U.S. heads to World Cup with players struggling for game time
STAMFORD, Conn. — The U.S. women’s soccer team is in Brazil this week for two World Cup qualifiers against Canada — and it’s a situation coach Jill Ellis is trying desperately to avoid.
With the U.S. missing two of the game’s best young players, a team built on youth, inexperience and a growing amount of senior talent, Ellis’ job — one that hasn’t been made any easier by the fact the U.S. has suffered through three losses in its past 12 games — is made slightly harder with the news that forward Allie Long won’t play in Brazil in the first match. Long, a top rookie, was suspended for a yellow card and red card accumulation in U.S. play in the past two games.
Ellis is trying to balance youth-laden talent with veterans who have earned their spot on the roster through past victories, while also trying to manage the national team’s senior talent while not losing too much youth, both in terms of age and ability.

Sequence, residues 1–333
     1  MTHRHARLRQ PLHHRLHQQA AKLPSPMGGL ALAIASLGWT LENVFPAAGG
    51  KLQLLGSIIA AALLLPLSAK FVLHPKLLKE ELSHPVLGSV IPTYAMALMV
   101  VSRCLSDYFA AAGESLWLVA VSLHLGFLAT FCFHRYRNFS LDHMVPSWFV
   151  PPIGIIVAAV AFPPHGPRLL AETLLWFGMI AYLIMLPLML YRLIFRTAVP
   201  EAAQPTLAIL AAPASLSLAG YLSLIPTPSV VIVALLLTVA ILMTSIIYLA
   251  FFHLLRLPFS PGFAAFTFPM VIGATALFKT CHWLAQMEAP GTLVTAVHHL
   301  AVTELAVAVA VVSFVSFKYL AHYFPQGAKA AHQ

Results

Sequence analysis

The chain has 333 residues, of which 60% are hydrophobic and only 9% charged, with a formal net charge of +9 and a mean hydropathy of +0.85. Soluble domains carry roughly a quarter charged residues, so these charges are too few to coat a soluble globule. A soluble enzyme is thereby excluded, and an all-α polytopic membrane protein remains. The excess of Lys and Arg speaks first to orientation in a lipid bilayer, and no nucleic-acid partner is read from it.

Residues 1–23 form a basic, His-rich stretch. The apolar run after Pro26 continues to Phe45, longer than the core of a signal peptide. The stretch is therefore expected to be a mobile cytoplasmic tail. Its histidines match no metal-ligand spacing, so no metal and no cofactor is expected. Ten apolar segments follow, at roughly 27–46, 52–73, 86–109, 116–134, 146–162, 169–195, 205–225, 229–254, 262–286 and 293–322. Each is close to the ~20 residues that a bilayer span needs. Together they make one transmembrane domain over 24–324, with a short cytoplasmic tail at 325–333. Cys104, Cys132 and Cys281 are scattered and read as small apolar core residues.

“This is their time to shine,” Ellis said. “I told the players that I’m going to give them my full support as a coach. When they’re playing together, playing the way they can, they’re one step ahead. I’m excited about that.”
The U.S. women’s goal during the game against Canada, before the team fell to a 3-0 aggregate defeat at the U.S. Soccer Federation Women’s World Cup Qualifying Challenge in November, was to get into the game. The U.S. women, who face Canada in the final group stage match in Salvador, Brazil, on Jan. 4, haven’t shown the ability to do so.
The Americans have lost twice in the past two games, getting outscored 5-0 in the first half and losing despite its best players making